. It's best to imagine
    someone sitting in a grey cubicle in an office looking forward to your demo
    and your follow up because they enjoy that. Not sure how often it's true but
    it's a good mindset.

  2. Each deal is different and it makes sense to show flexibility on
    they really appreciate that. It can be per seat but it can be usage
    based, event based and it can be priced per physical seat (for companies that
    have several shifts of workers).

  3. They expect volume discounts if they're buying at volume. We have ready
    to go pdfs which show them volume pricing with discounts
    . We have one pdf
    for each major currency we most commonly work with: US dollars, Euros, Pounds.
    There are also further discounts depending on the length of the contract.

  4. Departments have budgets and apparently prefer to know what the total cost
    is so they can see if it fits in their budget. I had not considered this very
    obvious fact. The figure that sounds big to me might just be a "pfft" for
    them so no need to be shy about it.

  5. They might want help with onboarding, training, implementation and more.
    Some companies expect you to charge for this as an additional services
    We have not done this so far but it has come up. So far we've only
    charged for extra custom development work.

  6. Hire a sales exec. Get someone with sales experience within your industry
    who you would buy from
    . They speak an entirely different language sometimes
    and they are DIRECT with questions to customers about pricing, budget, next
    steps in a way in which you most likely won't be. I'm still in shock from
    hearing our first sales exec hire talking to a customer - the instant rapport
    they find by speaking the customers language and getting down to business and
    how brutally direct some questions are. The advice we heard via Jason Lemkin
    (SaaStr) is that the simplest way to figure out if someone is a good potential
    sales hire is to ask yourself "would you buy from this guy?".

  7. THEIR requirements are very specific to their jobs. If you're a co-founder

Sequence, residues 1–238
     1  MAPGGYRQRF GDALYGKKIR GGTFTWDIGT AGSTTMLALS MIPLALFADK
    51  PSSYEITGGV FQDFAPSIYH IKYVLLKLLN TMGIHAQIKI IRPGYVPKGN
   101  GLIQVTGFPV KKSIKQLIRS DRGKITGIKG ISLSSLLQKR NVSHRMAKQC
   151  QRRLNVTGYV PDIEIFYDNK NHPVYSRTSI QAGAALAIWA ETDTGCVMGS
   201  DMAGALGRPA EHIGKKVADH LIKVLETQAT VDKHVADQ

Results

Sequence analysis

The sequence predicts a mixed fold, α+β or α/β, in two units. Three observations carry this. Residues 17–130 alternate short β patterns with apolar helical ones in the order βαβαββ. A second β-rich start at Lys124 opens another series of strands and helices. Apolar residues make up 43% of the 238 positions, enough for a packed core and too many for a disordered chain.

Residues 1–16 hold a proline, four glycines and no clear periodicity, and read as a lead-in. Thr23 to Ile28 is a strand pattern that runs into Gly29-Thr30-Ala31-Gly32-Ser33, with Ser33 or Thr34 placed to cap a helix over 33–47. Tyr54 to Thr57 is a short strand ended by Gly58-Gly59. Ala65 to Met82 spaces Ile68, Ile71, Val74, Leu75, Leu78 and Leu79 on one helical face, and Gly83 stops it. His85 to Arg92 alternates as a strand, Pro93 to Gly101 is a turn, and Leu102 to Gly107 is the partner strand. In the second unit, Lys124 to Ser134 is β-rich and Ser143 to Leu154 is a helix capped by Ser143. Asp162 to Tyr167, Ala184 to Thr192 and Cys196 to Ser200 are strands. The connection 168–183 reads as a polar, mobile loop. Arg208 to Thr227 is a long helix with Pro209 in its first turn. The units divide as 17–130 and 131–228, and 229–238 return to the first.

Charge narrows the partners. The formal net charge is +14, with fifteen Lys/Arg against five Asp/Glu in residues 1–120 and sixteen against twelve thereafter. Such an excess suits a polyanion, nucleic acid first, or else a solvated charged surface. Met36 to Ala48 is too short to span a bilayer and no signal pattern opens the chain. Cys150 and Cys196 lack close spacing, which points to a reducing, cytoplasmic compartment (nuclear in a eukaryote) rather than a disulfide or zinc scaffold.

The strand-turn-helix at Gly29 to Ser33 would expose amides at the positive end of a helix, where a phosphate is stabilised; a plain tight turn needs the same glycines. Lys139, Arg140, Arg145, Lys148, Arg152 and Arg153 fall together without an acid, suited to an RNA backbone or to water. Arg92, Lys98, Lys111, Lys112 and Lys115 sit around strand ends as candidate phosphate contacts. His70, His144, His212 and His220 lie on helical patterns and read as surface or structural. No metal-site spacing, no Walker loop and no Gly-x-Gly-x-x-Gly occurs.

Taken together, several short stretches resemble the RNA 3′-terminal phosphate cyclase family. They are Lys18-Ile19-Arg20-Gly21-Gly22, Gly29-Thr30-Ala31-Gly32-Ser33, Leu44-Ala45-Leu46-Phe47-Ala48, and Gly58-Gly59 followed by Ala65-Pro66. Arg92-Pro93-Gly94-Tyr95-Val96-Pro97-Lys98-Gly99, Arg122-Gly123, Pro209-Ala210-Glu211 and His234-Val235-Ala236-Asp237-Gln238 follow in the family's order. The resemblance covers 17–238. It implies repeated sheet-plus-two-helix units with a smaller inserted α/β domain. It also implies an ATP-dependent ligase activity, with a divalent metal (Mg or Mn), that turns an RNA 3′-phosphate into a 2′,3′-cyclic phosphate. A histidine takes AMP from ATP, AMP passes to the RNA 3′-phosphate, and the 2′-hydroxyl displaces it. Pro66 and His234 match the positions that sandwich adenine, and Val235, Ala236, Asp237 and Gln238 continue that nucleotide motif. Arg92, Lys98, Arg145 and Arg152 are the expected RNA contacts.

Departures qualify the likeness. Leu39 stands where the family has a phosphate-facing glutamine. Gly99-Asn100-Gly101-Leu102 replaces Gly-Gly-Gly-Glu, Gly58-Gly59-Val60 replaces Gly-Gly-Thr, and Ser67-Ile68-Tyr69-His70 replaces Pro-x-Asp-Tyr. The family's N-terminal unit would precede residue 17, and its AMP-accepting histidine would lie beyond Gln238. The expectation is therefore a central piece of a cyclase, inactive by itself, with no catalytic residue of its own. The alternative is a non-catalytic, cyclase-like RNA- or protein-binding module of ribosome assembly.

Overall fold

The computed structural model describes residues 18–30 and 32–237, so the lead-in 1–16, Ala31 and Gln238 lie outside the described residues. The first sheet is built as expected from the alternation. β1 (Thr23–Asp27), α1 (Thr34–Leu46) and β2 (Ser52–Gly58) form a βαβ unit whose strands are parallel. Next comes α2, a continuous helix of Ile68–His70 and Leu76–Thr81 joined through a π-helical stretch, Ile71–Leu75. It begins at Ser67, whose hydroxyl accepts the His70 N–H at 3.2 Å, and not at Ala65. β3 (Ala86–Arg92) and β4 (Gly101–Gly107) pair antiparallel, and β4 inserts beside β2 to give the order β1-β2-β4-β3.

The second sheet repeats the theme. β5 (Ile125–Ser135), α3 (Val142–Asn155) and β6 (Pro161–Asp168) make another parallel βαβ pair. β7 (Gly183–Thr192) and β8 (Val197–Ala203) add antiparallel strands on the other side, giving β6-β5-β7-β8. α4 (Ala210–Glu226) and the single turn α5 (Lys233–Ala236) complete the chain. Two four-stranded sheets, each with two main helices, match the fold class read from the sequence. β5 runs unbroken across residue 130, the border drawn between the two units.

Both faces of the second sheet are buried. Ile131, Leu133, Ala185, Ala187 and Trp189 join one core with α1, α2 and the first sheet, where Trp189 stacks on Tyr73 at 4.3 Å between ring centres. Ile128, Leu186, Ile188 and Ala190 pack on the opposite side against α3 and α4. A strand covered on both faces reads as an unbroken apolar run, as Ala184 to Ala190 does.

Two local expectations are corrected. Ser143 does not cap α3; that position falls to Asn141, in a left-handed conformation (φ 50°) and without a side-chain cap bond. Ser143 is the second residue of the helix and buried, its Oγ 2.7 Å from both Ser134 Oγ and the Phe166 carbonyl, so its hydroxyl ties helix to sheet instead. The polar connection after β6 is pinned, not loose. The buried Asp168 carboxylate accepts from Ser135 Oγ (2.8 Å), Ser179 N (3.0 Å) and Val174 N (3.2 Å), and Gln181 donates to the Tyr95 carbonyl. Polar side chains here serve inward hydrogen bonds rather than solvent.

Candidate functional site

you're great at passionately talking about your mission, vision and future of
    your product as well as the immediate practical problem you solve for
    customers. The person in the large enterprise you are talking to may find some
    of that inspiring but their mind is on their job, target, boss, department
    and to understand that you have to listen
    . I'm saying this because I've made
    this mistake. I even thought a call went great but I had not LISTENED to their
    priority requirements. Felt like a dumbass when they didn't pick us.

  8. Security is a big issue and you can lose a deal if you don't take it
    seriously. A buyer told us that another company did not take their security
    form seriously so they dropped them (and that deal brings us 100k per year).
    This is before they sent us that security form. In other words they were
    saying "Take this seriously". We were fortunate that we got ISO certified
    quite early on even when we only had 3 people in the company and that helps us
    fill out those forms**. Some of them are 60 pages long and take a full day to
    fill out.** It's part of the cost of doing business. If you're not ISO
    certified or SOC2 certified and still want to be able to fill in those forms
    correctly then read

Perpetual license deals with annual fees

I'm adding this here because when one partner first mentioned "perpetual
licenses" it confused the hell out of me.

If they mention perpetual license deals then they're operating in a different